A director is not absolutely liable for all losses suffered by a company on his or her watch.
So the Court of Appeal has ruled in a recent liquidation dispute.
Rowan Johnston, a former investor and director in NZNet, pumped funds into the company when it ran into difficulties, but found that NZNet’s managing director Stephen Andrews had misled him about the company’s financial position.
On 15 September 2011, he resigned his directorship and a couple of months later, NZNet went into liquidation.
The liquidators sued the former directors for breach of duty in the High Court, which found Mr Johnston had acted recklessly, but did not order him to contribute to NZNet’s assets.1 The liquidators appealed.
The Court of Appeal
As with the High Court, the Court of Appeal accepted that Mr Johnston had failed to exercise reasonable skill and care as a director, but declined to order that he pay compensation because:
- the liquidators had failed to establish the extent of the deterioration of NZNet’s finances between January and September 2011. In any event, Mr Johnston would have been entitled to an allowance for the substantial advances he made to the company over 2011
- Mr Andrews as managing director was primarily liable for NZNet’s losses. Mr Johnston was not an executive director. He did not run the company
- Mr Andrews actively misled Mr Johnston over a sustained period of time, and
- the duration of Mr Johnston’s breach was relatively short – a matter of nine months.
Interestingly, one of the factors that influenced the Court’s decision was the position of the IRD, which stood to gain the most from any compensation order. However, as the Court pointed out, it allowed NZNet’s tax debt to escalate without taking any recovery steps. This led the Court to observe that:2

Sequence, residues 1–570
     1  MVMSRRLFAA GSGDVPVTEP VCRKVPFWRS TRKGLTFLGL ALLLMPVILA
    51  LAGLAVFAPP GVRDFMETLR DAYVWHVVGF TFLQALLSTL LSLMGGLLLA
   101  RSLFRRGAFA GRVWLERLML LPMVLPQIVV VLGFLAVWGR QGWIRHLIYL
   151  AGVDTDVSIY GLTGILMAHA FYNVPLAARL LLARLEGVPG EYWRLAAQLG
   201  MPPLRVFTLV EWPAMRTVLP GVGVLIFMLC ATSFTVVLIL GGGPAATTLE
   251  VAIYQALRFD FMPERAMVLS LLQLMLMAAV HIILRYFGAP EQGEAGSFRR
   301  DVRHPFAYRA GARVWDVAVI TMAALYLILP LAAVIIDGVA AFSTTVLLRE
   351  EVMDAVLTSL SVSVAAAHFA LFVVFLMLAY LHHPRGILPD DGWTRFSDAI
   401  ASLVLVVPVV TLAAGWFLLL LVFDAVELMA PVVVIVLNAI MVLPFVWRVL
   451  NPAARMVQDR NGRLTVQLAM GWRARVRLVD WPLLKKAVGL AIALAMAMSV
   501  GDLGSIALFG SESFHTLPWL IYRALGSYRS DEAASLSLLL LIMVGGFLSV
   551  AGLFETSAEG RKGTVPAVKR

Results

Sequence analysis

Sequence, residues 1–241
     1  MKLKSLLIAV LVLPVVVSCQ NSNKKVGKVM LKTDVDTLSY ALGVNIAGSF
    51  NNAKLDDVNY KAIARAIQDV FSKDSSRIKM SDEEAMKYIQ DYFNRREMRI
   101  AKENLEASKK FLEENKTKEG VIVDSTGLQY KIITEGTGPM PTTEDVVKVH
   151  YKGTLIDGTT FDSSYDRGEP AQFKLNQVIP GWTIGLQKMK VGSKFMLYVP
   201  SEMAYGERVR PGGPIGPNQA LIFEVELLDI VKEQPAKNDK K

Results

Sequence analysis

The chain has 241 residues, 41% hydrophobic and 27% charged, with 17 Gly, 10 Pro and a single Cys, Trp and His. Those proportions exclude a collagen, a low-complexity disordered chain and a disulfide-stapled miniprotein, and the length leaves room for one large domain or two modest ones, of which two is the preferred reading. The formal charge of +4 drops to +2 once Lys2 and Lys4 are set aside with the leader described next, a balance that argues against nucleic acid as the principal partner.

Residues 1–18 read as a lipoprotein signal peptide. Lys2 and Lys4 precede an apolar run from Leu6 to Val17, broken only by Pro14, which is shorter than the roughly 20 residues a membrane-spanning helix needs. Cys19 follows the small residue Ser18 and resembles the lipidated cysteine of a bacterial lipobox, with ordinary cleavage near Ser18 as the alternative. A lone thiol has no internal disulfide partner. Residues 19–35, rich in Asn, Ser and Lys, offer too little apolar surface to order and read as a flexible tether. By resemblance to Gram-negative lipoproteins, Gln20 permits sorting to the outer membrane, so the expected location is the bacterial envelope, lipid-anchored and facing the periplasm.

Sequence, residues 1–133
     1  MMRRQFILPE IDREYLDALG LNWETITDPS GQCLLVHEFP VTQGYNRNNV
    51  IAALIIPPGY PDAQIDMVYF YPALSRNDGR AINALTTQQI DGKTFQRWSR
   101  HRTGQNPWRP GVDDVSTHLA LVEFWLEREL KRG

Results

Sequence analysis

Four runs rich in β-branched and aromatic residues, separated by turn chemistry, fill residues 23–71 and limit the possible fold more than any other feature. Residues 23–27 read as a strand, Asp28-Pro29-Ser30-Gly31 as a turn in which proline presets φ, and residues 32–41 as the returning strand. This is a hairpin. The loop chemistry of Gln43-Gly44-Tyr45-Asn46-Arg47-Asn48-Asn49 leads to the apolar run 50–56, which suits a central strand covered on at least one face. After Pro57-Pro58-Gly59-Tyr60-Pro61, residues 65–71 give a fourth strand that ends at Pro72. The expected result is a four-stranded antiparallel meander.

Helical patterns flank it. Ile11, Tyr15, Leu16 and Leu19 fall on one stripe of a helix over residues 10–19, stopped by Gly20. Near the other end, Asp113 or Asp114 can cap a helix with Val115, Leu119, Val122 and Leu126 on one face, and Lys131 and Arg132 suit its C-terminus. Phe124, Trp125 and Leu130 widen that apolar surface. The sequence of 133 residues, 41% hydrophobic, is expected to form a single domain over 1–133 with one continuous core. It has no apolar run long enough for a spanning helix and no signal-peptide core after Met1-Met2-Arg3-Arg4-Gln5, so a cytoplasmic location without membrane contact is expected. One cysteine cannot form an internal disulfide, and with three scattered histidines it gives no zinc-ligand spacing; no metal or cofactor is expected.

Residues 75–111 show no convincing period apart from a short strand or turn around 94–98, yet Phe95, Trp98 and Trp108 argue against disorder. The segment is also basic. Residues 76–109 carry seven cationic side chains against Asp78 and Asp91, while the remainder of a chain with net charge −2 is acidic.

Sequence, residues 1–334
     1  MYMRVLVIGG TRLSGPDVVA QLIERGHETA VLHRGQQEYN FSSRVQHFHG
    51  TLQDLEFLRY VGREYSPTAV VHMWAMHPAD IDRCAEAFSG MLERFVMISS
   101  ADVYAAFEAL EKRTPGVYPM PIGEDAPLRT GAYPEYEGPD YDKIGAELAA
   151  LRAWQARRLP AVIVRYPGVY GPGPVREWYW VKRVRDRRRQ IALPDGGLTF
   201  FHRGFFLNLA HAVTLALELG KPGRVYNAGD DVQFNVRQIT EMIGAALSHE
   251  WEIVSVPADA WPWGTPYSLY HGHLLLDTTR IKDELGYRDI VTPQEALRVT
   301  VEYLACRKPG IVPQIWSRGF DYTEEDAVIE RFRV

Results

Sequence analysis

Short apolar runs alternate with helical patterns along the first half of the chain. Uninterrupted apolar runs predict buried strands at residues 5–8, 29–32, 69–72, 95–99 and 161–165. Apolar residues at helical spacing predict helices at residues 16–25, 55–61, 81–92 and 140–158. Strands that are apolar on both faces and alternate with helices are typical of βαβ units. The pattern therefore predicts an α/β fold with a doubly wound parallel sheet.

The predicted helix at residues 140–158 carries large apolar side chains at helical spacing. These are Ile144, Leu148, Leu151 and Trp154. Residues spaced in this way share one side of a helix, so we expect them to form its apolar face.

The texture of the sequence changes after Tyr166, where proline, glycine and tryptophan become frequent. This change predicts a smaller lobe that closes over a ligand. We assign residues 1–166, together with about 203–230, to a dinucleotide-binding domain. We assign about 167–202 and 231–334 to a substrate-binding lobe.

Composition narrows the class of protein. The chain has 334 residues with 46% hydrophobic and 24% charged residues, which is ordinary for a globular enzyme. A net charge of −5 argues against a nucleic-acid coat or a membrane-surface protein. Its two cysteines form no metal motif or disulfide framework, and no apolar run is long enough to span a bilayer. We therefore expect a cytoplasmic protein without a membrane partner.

There is an irony in the liquidators’ complaint that Mr Johnston should have moved earlier when the company’s second largest creditor was guilty of the same inaction. The IRD’s failure to act is unexplained and inexplicable; if it had acted much earlier its claimed loss would have been reduced accordingly. The IRD contributed significantly to its own losses.
The Court of Appeal also questioned the economic benefits of the liquidators bringing the claim when Mr Johnston's potential liability was “very modest indeed.”3
The performance of a director will be measured by reference to the particular responsibilities of that person within the particular company structure.4 Even if a director is found to have breached his or her duties, the Courts will still address factors of causation, culpability and fairness when deciding whether to order compensation.
For liquidators, the case highlights what most practitioners know already: that claims against directors must be realistic, well-prepared and supported by an adequate evidential foundation. Not all claims against directors will be worth pursuing and not all breaches cause loss resulting in damages.